Cyber Criminals Tricking Small Business Owners Into Transferring Money their Bank Accounts


Cyber criminals always remain on the prowl for their preys, and their most recent preys are those small businesses who take cyber threats for granted, and bear a huge loss, due to not having sufficient security measures. Primarily because they don’t have security departments and procedures to keep themselves guarded against online theft.

And this fact has been very well proven by a recently conducted survey by the advocacy group, National Small Business Association, which says that cyber criminals got success in stealing an average of $32,000 from small business accounts. The report says that these businesses also don’t have  legal protection from the bank account fraud consumers have.

Even the Electronic Funds Transfer Act, which was passed in 1978, says itself that protection for individual consumers — who are primarily engaged in electronic fund transfers (EFTs)) — must be given against bank account theft. But the Act does not mention any legal protection for businesses that may have to face the same situation.

Doug Johnson, a Senior Vice President with the American Bankers Association states that the protection of a business completely depends upon the agreements signed by it with the respective banks. Adding more to the points he said that if the business has not followed or abided by the security measures mentioned in the agreement, then the former is itself responsible for the loss it had to sustain due to cyber criminals or hackers.

While almost all businesses are prone to cyber crimes, small companies stand a greater chance of incurring loss because they don’t tend to hold any security departments or procedures that can help guard them against online theft. Neither are they in possession of any big revenue stream that can help them in recovering faster.

Among the several companies that fell prey to the emerging crime was Sandy Marsico’s company by the name of Sandstorm Design. Her bank accounts were attacked twice; first in December where the bank contacted her saying a transfer of over $50,000 had been initiated over to some place in Mexico. She still doesn’t know how those people got to know about her account information and how did they manage to get so close to stealing off so much money.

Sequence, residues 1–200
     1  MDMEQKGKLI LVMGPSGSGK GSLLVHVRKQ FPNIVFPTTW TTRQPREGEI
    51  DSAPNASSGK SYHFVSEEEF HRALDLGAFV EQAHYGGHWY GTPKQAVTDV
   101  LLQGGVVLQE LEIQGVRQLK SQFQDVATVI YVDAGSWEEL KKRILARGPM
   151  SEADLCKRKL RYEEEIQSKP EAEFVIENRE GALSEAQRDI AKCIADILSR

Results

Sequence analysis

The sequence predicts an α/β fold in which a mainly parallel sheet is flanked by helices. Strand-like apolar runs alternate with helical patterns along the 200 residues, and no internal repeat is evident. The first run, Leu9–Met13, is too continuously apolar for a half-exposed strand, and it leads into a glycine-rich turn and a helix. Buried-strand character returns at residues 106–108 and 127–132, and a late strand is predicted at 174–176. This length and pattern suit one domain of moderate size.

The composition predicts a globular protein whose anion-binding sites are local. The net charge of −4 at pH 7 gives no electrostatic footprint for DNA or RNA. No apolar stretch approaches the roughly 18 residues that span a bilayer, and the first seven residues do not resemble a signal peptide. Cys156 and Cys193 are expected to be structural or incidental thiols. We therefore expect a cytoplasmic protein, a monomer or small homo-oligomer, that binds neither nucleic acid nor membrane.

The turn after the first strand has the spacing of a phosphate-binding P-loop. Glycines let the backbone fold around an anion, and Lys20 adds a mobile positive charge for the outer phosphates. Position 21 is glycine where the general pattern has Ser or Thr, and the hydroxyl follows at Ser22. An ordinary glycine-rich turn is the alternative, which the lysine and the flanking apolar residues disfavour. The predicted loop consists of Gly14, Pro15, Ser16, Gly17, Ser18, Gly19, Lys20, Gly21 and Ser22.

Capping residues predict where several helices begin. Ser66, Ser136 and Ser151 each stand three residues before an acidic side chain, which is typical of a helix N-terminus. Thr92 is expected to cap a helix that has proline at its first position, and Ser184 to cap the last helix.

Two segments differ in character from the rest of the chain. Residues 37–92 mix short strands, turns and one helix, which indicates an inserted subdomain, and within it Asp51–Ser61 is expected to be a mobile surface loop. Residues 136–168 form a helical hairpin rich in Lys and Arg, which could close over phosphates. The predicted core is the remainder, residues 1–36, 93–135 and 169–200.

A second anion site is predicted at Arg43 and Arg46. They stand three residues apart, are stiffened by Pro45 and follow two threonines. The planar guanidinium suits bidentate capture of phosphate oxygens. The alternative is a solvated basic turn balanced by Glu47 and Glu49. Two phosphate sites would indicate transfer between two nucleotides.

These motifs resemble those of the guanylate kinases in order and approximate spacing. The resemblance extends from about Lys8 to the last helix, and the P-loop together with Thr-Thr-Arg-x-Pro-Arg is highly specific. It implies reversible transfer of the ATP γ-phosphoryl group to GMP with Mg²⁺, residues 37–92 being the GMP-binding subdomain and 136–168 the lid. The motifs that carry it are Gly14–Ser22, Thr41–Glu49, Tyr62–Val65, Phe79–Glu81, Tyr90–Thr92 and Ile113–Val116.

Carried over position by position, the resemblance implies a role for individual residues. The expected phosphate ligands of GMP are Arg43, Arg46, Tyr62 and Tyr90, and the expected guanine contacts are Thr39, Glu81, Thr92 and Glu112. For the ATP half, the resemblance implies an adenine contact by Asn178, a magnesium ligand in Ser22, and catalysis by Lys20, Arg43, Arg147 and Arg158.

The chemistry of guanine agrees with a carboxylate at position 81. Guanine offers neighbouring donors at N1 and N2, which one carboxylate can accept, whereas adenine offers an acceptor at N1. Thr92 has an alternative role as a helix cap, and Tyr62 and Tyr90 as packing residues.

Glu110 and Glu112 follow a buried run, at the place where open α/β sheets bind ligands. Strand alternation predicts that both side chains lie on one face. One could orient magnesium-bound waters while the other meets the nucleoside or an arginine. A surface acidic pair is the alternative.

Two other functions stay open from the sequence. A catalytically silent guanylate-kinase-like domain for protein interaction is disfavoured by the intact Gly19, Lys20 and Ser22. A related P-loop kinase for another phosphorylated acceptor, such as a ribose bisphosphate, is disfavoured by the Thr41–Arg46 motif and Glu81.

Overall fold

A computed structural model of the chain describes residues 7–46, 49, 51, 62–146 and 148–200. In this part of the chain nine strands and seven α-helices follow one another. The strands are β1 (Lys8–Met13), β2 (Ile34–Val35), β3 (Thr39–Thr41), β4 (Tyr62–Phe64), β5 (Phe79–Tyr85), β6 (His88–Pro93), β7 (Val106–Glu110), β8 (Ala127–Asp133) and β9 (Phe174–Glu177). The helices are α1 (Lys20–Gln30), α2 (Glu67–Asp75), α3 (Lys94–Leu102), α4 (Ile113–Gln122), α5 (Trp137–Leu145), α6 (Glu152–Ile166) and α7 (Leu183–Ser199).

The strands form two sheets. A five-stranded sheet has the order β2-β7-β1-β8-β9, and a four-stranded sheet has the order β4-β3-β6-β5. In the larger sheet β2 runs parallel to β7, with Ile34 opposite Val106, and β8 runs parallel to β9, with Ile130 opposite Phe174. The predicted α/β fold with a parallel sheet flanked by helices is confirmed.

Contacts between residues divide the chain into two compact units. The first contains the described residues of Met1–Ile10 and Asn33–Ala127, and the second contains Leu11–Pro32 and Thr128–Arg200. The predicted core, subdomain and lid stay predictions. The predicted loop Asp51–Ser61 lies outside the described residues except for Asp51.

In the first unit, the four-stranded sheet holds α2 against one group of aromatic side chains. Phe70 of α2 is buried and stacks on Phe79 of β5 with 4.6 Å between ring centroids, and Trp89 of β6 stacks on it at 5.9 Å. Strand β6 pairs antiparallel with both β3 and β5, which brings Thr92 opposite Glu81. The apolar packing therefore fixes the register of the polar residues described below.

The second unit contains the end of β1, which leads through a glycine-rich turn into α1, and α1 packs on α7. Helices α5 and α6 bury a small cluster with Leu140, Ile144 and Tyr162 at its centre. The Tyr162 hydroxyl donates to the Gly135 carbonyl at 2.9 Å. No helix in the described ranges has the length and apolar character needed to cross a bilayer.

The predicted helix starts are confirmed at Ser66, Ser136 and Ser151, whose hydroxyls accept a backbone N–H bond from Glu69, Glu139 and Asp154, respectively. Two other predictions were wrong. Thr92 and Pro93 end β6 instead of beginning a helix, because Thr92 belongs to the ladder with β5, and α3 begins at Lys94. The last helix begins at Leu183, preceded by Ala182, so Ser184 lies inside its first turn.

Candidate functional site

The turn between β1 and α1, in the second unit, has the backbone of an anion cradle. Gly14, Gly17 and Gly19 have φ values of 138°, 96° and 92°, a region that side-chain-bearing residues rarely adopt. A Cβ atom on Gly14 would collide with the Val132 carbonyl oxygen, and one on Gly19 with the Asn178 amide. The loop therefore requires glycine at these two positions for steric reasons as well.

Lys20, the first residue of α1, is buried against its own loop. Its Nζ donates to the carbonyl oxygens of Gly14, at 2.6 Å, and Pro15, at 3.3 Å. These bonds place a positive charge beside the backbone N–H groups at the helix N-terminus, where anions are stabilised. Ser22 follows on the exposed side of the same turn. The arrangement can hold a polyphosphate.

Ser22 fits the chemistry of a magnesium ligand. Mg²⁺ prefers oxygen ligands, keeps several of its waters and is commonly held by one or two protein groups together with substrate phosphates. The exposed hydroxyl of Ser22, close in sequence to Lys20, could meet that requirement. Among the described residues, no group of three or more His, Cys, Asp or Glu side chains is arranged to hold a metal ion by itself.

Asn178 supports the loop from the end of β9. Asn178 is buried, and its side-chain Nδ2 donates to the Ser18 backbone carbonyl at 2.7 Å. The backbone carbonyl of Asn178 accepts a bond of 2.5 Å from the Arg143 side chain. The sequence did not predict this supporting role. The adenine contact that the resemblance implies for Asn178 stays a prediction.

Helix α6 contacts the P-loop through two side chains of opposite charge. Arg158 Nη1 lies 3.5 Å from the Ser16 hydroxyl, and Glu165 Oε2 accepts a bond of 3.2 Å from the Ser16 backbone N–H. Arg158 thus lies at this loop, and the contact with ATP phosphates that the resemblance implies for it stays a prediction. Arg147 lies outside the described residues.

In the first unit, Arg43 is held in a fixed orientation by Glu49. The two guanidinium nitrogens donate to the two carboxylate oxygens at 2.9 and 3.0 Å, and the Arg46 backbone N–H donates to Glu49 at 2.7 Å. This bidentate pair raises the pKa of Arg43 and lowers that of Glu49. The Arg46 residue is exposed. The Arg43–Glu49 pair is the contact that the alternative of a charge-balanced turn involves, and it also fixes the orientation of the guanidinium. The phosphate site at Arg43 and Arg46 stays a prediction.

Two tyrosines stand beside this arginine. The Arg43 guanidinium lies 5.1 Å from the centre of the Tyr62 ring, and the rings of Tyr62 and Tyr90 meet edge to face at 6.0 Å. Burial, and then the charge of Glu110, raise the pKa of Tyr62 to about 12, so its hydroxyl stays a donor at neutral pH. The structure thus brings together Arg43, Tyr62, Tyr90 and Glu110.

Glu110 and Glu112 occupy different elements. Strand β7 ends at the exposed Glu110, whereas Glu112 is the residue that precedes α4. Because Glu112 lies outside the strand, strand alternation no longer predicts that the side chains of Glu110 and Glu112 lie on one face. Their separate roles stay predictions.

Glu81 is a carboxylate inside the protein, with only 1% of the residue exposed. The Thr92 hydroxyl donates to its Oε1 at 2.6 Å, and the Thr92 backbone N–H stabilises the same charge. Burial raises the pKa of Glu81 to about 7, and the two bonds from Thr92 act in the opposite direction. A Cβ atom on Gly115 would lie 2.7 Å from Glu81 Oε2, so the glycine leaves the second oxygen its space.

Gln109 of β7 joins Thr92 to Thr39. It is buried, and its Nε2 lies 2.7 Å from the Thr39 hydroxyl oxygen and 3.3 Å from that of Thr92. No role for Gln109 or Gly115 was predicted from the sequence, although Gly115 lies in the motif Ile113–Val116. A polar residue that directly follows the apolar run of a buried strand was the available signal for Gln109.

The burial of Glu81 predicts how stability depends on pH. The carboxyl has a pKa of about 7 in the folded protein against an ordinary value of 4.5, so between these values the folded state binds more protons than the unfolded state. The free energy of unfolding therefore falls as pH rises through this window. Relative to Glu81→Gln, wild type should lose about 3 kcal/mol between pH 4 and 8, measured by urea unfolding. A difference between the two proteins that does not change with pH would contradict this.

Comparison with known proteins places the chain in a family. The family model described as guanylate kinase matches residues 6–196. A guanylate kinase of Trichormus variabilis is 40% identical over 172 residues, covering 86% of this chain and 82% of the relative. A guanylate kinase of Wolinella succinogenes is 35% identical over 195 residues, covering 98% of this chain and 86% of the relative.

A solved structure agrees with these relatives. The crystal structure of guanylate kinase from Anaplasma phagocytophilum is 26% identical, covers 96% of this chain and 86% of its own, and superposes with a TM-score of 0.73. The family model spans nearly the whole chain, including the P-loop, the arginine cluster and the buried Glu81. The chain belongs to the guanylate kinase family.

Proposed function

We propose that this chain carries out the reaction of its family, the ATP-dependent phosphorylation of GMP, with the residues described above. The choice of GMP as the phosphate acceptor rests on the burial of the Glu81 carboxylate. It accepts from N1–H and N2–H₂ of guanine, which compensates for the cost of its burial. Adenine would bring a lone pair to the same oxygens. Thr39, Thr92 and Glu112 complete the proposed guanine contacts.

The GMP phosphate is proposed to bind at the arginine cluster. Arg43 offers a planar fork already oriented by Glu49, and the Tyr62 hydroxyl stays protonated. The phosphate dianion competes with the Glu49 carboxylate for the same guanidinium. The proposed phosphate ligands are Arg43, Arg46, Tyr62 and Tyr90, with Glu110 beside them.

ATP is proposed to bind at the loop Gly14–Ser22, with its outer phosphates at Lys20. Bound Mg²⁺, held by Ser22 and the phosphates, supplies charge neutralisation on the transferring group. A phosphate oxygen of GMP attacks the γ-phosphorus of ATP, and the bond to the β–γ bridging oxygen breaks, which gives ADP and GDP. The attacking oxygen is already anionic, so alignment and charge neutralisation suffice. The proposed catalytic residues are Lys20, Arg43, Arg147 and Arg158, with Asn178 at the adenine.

Quite naturally, the transfer was not approved by Marsico. The account was immediately shut down. A new account was then registered under her name. After a few months, someone began to withdraw money from the account. A total of $20,000 was stolen off within the span of one month.

The bank carried out an investigation both the times. However, they refused to share the information with Marsico. Though she was reimbursed finally, yet Marsico had enough and decided to move her accounts to another bank from there.

The reason why cyber criminals get succeeded in their purposes is just because they don’t  stick to any one traditional method all throughout. Instead, they keep adapting and actively putting changing  and creative methods into use.

Avivah Litan, a security analyst with the research company Gartner, says thieves make use of realistic-looking emails in order that they are able to trap and trick these companies as well as make them transfer money from their accounts through wire transfers. And Marsico’s account was first attached exploiting a wire transfer attempt, but they did not use any email to her company.

Apart from this fraudulent way, the cyber criminals or hackers also make use of the malicious software to transfer money into their accounts by simply linking their computer to the user’s bank account, and thus steal the relevant information to meet their purposes.